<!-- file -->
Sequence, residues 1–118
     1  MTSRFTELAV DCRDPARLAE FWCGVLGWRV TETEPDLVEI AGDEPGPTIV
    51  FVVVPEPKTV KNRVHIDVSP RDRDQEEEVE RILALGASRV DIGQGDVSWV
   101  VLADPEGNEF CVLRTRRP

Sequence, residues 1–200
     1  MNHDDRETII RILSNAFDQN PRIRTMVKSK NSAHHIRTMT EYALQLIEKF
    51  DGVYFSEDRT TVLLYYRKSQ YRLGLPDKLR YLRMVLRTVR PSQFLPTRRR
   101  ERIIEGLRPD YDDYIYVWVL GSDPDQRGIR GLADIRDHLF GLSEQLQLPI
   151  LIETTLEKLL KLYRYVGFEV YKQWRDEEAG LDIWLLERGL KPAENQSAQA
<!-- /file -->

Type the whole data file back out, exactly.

Sequence, residues 1–118
     1  MTSRFTELAV DCRDPARLAE FWCGVLGWRV TETEPDLVEI AGDEPGPTIV
    51  FVVVPEPKTV KNRVHIDVSP RDRDQEEEVE RILALGASRV DIGQGDVSWV
   101  VLADPEGNEF CVLRTRRP

Sequence, residues 1–200
     1  MNHDDRETII RILSNAFDQN PRIRTMVKSK NSAHHIRTMT EYALQLIEKF
    51  DGVYFSEDRT TVLLYYRKSQ YRLGLPDKLR YLRMVLRTVR PSQFLPTRRR
   101  ERIIEGLRPD YDDYIYVWVL GSDPDQRGIR GLADIRDHLF GLSEQLQLPI
   151  LIETTLEKLL KLYRYVGFEV YKQWRDEEAG LDIWLLERGL KPAENQSAQA